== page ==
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Let $(X,\tau)$ be a Hausdorff space and let ${\cal D}$ denote the collection of dense subsets of $(X,\tau)$. Is it possible that there is another Hausdorff topology $\tau_1 \neq \tau$ on $X$ such that the collection of dense subsets of the space $(X,\tau_1)$ also equals ${\cal D}$?

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The standard topology and the lower limit topology on $\mathbb{R}$ have the same dense subsets. They are two different topologies(even up to homeomorphism) on the real line.

So the next question could be "Is the collection of open dense subsets a “fingerprint” for Hausdorff topologies?

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    $\begingroup$ FYI, I think yours is a good answer, but I'm on my tablet right now and everything looks different, so I somehow didn't see that you posted an answer while I was typing mine. Now that it is written, I'll leave mine there too as a different example. $\endgroup$ – Will Brian Feb 8 '16 at 11:13
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    $\begingroup$ The answer to your question is still no. Consider $X = \omega \cup \{p\}$, where every point of $\omega$ is isolated, and $p$ is not. There are many topologies like this, but all of them have the same dense open sets, namely $\omega$ and $X$. $\endgroup$ – Will Brian Feb 8 '16 at 17:15
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Let $\tau_1$ be the usual topology on the real line, and let $\tau_2$ be the finer topology obtained by breaking off the positive reals to form a clopen set: that is, $\tau_2$ has a subbasis consisting of everything in $\tau_1$, plus the positive reals and their complement. It's not too hard to see that $D$ is dense in $\tau_1$ if and only if it is dense in $\tau_2$.

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By the following proposition, the only Hausdorff spaces which are completely determined by their dense subsets are the discrete spaces.

Proposition. Let $(X,\mathcal{T})$ be a $T_{0}$ topological space such that there does not exist an $\mathcal{S}$ where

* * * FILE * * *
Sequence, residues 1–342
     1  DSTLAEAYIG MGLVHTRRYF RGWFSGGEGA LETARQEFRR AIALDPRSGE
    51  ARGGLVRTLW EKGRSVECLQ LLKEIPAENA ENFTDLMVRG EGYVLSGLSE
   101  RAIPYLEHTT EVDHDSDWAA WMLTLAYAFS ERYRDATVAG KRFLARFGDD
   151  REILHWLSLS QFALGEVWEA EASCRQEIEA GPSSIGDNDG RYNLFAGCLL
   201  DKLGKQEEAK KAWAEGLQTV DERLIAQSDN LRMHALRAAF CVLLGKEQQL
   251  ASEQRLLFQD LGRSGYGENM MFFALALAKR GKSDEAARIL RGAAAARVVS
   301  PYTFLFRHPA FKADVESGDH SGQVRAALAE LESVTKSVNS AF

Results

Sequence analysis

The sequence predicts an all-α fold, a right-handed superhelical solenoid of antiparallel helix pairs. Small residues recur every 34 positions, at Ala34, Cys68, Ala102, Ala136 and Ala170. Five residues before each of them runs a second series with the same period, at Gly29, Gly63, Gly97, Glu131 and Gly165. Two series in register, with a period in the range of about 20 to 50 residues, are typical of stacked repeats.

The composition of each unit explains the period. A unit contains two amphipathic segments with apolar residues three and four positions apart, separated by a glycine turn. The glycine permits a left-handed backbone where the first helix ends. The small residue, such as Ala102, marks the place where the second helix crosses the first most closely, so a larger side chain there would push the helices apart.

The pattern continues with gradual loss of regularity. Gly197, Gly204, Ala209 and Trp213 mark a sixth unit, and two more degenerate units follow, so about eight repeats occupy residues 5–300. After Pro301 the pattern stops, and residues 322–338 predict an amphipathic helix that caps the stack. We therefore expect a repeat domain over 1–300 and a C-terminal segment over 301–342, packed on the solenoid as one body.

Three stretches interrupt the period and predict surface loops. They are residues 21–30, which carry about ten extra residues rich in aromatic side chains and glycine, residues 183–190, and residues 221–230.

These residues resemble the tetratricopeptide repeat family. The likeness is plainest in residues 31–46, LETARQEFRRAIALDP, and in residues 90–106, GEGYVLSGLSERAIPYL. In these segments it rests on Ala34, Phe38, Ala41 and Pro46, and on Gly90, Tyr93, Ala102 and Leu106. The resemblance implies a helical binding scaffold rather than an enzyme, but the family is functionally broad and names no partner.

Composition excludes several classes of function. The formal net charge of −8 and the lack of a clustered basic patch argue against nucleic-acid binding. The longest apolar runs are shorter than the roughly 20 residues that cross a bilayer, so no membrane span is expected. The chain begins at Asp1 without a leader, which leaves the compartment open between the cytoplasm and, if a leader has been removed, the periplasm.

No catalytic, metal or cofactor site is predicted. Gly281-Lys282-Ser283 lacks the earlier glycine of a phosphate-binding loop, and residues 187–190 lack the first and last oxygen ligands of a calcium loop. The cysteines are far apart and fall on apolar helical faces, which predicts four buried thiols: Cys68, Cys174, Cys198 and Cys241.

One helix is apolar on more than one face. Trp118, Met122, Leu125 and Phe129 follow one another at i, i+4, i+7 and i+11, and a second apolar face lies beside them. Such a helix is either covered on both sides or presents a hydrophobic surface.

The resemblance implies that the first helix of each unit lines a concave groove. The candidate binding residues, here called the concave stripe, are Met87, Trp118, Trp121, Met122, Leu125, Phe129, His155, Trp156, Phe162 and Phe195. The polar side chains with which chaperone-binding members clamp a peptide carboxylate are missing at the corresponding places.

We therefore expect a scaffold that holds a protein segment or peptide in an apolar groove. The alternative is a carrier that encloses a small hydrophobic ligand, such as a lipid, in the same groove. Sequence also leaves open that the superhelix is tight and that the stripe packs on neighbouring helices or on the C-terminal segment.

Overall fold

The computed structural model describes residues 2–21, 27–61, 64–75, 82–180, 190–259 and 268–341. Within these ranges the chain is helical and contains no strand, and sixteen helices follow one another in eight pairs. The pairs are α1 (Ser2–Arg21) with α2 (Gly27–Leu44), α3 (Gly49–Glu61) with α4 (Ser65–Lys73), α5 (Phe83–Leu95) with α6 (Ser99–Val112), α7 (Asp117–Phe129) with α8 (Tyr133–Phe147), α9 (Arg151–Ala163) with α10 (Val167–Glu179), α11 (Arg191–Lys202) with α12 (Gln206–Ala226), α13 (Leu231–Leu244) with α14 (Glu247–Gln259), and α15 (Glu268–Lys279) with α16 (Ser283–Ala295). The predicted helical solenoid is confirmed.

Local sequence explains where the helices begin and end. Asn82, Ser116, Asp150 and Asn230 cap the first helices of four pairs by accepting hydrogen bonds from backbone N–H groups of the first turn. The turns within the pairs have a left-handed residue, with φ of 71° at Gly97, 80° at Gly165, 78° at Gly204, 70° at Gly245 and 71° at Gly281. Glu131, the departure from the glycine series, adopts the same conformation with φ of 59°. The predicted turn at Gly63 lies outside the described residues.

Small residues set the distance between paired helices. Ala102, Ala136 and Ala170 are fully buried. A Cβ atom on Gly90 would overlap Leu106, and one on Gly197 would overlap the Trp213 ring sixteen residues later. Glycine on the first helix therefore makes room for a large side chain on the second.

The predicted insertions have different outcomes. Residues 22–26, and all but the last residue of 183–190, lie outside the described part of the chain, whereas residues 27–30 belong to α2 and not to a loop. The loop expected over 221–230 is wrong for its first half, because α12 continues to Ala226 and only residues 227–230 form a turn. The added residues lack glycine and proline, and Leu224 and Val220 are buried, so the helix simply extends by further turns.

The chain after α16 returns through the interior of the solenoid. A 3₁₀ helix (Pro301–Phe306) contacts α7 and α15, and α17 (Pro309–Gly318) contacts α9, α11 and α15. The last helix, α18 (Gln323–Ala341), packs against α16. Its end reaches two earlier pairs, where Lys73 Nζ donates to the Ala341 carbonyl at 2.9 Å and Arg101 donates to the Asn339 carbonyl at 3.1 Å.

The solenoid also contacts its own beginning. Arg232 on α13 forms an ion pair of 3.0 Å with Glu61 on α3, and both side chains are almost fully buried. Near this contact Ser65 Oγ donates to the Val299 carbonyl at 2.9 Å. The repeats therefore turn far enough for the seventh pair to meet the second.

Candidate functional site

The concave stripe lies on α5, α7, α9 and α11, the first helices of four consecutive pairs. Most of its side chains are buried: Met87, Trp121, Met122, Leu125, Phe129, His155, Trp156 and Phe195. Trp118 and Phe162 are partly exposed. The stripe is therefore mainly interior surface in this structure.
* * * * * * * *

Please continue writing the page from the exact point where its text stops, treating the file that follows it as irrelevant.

1. $(X,\mathcal{S})$ is a topology

  2. $\mathcal{T}\subseteq\mathcal{S}$ and

  3. $\mathcal{S}\neq\mathcal{T}$

  4. $(X,\mathcal{S})$ and $(X,\mathcal{T})$ have the same dense sets.

Then $(X,\mathcal{T})$ is discrete.

Proof. Suppose to the contrary that $(X,\mathcal{T})$ is not discrete. Then there exists an open set $U$ which is not clopen since the only $T_{0}$ space where every open set is clopen is the discrete space.

Therefore, let $U$ be an open set which is not clopen. Now let $C=\overline{U}$. Let $\mathcal{S}$ be the topology generated by $\mathcal{T}\cup\{C\}$. Then $\mathcal{S}$ is generated by the basis consisting of sets in $\mathcal{T}$ along with the sets of the from $O\cap C$ where $O\in\mathcal{T}$. I claim that $\mathcal{T}$ and $\mathcal{S}$ have the same dense sets. If $D$ is dense in $(X,\mathcal{S})$, then $D$ is clearly dense in $(X,\mathcal{T})$. Conversely, suppose that $D$ is dense in $(X,\mathcal{S})$. Suppose that $O\in\mathcal{T}$ and $O\cap C=O\cap\overline{U}$ is non-empty. Then $O\cap U$ is also non-empty. Therefore, $D\cap O\cap U$ is non-empty, hence $D\cap O\cap C=D\cap O\cap\overline{U}$ is non-empty as well. We therefore conclude that $(X,\mathcal{S})$ and $(X,\mathcal{T})$ both have the same dense sets.

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